Read more on Preparing for regional government…

Contributions Agency to merge with Inland Revenue

Headlines, PublicNet: 18 March, 1998

The Contributions Agency, an executive agency of the Department of Social Security, is to merge with the Inland Revenue in April 1999. Most of the agency’s 8,000 staff will join the 50,000 strong Inland Revenue, but there will be about 200 job losses.The aims of the merger are to give a better service to businesses and improve the effectiveness of compliance measures. There will also be some efficiency savings.

Read more on Contributions Agency to merge with Inland Revenue…

Local Government Management Board facing axe

Headlines, PublicNet: 16 March, 1998

A task group looking at how the LGMB relates to the Local Government Association has produced proposals for scrapping the Board. When the LGA was launched in April 1997 as the successor to the separate local authority organisations it changed the dynamics of the local government scene which involves 2 million staff with a pay bill of £34b and some 22,000 elected councillors . Before this change, the LGMB was the sole ‘representative body’ for councils with across the board funding and governance. The LGMB has an £18m budget and 250 staff and when it was formed in 1991 there was little choice in giving functions such as: employee relations; management practice and policy related programmes to the Board. Now the LGA speaks with a single voice for all councils and has a responsibility for policy and management issues.The review task group has produced a consultation paper with options for reallocating the responsibilities. They believe it will be possible to deliver more for the same budget. None of the options envisage retaining the LGMB. The thrust of the paper is that where there is overlap between the Board and the LGA, those responsibilities should be transferred to the latter. The residual work of training and development and employee relations would be carried out by an arms length agency. A further option is to have a separate agency for employee relations.

Read more on Local Government Management Board facing axe…

Patient power in drive to modernise NHS

Headlines, PublicNet: 13 March, 1998

Health Minister Alan Milburn believes that restoring public confidence is the key to modernising the NHS and this involves empowerment of patients. He said: “It is the public’s health service. And it has to respond better to public views. I want to see the NHS opened up to greater public scrutiny and patient involvement than ever before.”This move to patient empowerment represents a significant challenge and a major change in culture. The internal market demanded a degree of secrecy with decisions taken behind closed doors. The message from Mr Milburn now is that “The NHS needs to listen more. The new NHS will reward openness.”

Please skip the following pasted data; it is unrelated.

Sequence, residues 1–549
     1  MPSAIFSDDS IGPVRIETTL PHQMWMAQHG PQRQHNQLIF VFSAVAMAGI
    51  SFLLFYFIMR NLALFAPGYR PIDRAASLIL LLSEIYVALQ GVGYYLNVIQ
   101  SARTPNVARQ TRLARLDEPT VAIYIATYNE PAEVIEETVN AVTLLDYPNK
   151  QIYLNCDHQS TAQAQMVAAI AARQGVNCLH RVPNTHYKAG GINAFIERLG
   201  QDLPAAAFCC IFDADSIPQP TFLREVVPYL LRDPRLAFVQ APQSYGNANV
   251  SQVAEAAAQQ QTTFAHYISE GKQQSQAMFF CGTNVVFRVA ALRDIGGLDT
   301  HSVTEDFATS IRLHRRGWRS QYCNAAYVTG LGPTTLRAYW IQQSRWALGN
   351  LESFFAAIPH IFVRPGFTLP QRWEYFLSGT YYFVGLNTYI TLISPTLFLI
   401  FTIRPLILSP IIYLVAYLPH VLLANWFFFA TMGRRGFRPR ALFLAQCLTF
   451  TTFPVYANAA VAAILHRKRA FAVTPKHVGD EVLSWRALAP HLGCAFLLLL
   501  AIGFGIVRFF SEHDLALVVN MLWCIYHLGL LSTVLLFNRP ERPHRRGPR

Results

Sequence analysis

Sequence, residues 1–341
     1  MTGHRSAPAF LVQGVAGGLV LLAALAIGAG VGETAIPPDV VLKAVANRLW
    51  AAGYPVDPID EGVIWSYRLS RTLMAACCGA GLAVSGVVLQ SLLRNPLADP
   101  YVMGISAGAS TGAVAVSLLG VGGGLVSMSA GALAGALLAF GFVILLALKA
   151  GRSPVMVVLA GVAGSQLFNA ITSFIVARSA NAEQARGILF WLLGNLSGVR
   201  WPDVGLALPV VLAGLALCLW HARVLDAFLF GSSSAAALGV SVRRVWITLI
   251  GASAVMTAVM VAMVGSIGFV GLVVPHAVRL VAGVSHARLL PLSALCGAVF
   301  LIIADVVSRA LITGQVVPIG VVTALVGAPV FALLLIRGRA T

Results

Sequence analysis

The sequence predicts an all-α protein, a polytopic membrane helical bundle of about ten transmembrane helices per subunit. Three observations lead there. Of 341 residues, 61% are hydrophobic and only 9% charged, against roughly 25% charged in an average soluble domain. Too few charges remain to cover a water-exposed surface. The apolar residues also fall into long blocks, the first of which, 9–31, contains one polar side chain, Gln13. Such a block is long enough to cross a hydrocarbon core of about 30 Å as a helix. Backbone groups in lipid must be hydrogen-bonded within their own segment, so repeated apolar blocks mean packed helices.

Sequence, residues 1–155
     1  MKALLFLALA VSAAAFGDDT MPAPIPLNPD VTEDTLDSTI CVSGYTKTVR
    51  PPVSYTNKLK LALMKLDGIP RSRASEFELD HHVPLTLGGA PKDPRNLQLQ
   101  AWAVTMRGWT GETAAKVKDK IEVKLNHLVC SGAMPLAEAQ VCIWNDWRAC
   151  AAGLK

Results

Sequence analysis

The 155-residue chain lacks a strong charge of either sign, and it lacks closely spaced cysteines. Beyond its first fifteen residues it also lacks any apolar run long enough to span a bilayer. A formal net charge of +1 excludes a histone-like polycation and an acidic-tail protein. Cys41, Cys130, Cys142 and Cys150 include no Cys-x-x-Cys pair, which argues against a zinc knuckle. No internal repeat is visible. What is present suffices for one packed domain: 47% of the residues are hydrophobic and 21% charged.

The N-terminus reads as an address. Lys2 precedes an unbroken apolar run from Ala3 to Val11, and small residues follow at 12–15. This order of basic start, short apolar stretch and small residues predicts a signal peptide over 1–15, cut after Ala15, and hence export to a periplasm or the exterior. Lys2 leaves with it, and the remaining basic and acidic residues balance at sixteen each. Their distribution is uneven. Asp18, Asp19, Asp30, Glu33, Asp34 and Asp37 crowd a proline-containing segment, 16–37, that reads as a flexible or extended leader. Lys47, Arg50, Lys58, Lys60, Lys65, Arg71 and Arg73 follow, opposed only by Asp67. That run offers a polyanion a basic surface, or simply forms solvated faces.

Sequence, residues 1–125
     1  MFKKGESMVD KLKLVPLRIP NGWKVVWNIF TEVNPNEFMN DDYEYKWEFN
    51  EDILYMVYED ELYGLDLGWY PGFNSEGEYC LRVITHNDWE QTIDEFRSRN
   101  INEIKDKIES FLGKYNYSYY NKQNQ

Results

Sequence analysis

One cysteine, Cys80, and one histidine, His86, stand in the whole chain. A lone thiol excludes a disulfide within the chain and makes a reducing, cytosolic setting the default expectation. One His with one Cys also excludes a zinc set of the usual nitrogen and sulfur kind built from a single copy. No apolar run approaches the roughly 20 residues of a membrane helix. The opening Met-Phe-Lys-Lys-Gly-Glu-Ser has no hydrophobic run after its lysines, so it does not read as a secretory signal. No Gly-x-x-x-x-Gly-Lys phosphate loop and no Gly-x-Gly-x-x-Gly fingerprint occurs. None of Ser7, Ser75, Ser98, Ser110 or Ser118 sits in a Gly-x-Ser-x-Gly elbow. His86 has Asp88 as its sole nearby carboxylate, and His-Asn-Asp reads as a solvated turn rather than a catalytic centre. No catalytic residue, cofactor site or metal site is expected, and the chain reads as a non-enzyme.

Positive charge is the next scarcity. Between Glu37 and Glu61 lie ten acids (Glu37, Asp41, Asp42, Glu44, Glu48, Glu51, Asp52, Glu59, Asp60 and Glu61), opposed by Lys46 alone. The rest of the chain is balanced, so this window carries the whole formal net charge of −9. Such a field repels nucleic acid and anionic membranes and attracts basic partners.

Read more on Patient power in drive to modernise NHS…

Bright future for outsource leader

Headlines, PublicNet: 12 March, 1998

The Capita Group, which is the leading provider of outsourced human resource services in the UK, is expecting to benefit from Government initiatives to improve services. Local and central government markets form the core of its business.Rod Aldridge, Chairman and Chief Executive of the Group said: “We are well positioned to support the drive to find new solutions to central service provision and our advice and participation is being actively sought in a number of areas, including welfare reform and education.” He added that the Best Value initiative in local government will encourage continued outsourcing.

Read more on Bright future for outsource leader…

Technology for better government on display

Headlines, PublicNet: 11 March, 1998

Information technology that will be used by government in the future has gone on display in Manchester as part of a European conference on Better Government. It gives a glimpse of how the next century might look with people dealing with government from their own homes, their offices and in public places.Digital TV will give access to government services and instead of going to a Natwest Bank to use the experimental system to advise departments about a new business start up, it will be possible to do it from home. Touch screen kiosks on display are being used in trials around the country. It is planned to install them in shopping centres, libraries and post offices giving people the opportunity to renew passports and driving licences and deal directly with officials in remote offices about a whole range of issues.

Read more on Technology for better government on display…

© PublicNet is a KnowShare production | Technology by Jag Singh + Hilton & Hilton Ltd | Admin Log in